I can’t pretend to be very familiar with Eli Wallach’s work, but somehow I feel as if I am. I remember when I forced myself to watch “The Good, the Bad and the Ugly” I was thoroughly disgusted with his character, which was appropriate and means he did a terrific job. But since it was my least favorite of Sergio Leone’s “Man With No Name” trilogy, it never stood out for me – apart from Wallach’s wily performance.
I know Wallach appeared in more than 90 films throughout his career and was a charter member of the famed Actor’s Studio in New York. I also know he was a great stage actor in addition to being impressive on the big screen, winning a Tony in 1951 for his work in “The Rose Tattoo.” I missed most of those performances, so I’m glad that thanks to our world’s technological capabilities, I’ll be able to pick a few movies from his filmography to put on my Netflix queue. Turner Classic Movies will be showing a few of his films Monday night, June 30, in memoriam.
So without having seen most of Wallach’s performances, I can only offer my comments on the one movie I saw him in that made the biggest impression on me – even bigger than “The Good, the Bad and the Ugly.” It was “The Holiday” (2006). It is not a great movie, but it is a good one I'm very fond of, thanks in large part to the charming sensibilities of its director, Nancy Meyers, and the winning talents of Kate Winslet, Jack Black, and the great Eli Wallach. Wallach was completely adorable as an old Hollywood screenwriter named Arthur Abbott who is pulled out of his isolation by Winslet and Black, and in turn boosts Winslet’s self-confidence by turning her on to old movies featuring leading ladies with “gumption.” It appealed to me largely because I’m old-fashioned (when it comes to some things), and I’m a sucker for stories about people embracing potential and opportunities they thought were nonexistent. Wallach was perfect for the part, and he easily charmed me even when he was being ornery. In the scene when Arthur tries to impart some wisdom on the longsuffering-in-love Iris (Kate Winslet), Iris is stunned at how plainly and effectively puts it. He explains that there are leading ladies in movies and there's the best friend, and although Iris is clearly leading lady material, she's behaving like the best friend. Iris replies:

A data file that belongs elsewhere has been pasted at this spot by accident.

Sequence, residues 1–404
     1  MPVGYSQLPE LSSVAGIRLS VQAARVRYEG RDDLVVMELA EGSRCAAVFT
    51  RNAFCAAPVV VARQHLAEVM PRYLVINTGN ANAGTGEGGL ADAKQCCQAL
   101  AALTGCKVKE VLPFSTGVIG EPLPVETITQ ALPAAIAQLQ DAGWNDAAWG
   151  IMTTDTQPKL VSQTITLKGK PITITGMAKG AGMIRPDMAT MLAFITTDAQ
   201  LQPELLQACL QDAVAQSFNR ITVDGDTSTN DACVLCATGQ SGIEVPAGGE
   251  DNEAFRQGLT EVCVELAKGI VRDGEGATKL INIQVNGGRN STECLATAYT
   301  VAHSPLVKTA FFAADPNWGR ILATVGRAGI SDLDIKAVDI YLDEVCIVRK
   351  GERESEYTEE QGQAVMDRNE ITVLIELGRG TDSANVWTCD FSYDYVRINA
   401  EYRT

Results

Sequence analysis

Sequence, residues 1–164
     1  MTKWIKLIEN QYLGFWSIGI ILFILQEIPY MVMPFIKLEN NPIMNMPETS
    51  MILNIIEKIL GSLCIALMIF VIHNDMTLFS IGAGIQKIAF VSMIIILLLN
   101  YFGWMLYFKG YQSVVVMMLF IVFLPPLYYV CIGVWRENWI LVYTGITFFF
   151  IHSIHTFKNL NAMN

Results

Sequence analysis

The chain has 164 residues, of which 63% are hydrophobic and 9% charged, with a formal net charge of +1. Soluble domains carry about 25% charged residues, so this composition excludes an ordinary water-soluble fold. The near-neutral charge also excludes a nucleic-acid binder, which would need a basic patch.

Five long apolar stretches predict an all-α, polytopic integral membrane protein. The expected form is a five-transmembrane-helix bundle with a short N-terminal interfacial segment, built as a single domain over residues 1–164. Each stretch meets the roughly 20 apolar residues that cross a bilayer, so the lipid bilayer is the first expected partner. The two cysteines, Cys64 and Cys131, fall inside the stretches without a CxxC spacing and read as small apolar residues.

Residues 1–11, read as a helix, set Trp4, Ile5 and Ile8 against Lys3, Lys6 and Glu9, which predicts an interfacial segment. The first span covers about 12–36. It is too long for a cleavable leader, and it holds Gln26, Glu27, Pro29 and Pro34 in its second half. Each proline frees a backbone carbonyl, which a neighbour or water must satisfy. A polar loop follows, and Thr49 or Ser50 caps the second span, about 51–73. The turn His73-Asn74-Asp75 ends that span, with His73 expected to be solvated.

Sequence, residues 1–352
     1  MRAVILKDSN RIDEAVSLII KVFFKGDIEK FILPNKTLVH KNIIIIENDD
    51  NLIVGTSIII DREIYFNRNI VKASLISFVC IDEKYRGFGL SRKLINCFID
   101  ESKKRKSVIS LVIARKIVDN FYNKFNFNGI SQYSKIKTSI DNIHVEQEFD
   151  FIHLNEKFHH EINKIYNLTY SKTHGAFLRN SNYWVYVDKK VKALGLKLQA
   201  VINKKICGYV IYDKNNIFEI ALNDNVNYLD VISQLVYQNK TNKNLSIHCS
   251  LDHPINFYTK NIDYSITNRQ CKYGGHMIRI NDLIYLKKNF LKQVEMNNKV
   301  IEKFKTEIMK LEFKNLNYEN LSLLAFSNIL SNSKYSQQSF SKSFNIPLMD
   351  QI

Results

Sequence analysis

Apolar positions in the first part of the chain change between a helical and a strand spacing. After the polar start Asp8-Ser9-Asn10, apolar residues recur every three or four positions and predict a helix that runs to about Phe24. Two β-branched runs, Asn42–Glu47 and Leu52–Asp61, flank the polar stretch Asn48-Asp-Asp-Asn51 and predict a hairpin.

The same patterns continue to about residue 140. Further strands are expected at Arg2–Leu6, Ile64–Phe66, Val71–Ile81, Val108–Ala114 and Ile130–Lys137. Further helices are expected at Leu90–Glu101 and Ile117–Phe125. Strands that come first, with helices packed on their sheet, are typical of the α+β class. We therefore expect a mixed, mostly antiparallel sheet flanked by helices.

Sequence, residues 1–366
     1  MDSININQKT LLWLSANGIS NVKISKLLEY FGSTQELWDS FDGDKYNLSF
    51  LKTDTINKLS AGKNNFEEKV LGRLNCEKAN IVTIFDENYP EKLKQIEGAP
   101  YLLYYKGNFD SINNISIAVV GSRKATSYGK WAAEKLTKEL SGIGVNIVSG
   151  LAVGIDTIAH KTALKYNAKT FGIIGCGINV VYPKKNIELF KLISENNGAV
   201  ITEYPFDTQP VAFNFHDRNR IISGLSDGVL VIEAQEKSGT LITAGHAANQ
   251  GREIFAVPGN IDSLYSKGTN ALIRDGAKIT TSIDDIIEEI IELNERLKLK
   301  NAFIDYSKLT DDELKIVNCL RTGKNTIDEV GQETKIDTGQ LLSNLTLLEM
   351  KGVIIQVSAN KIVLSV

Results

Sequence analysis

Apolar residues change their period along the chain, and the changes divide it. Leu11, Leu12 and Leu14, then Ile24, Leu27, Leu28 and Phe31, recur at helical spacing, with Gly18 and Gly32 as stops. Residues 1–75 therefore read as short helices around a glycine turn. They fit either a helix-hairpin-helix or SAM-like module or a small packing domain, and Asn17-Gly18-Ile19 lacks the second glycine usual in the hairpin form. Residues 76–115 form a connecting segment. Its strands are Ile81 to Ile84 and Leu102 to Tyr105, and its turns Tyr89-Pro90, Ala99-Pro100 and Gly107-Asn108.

You're so right. You're supposed to be the leading lady of your own life, for God's sake! Arthur, I've been going to a therapist for three years, and she's never explained anything to me that well. That was brilliant. Brutal, but brilliant.
And that's how I see Eli Wallach based on these two films - brutal, but brilliant. I highly recommend both "The Holiday" and "The Good, the Bad and the Ugly," although I confess I'm only recommending the latter because it is mandatory for all cinephiles, not because it resonated with me. I wrote this entry sheerly based on my enthusiasm for Wallach's performance in "The Holiday" and his overall legacy, although I do hope to become more familiar with his more celebrated work.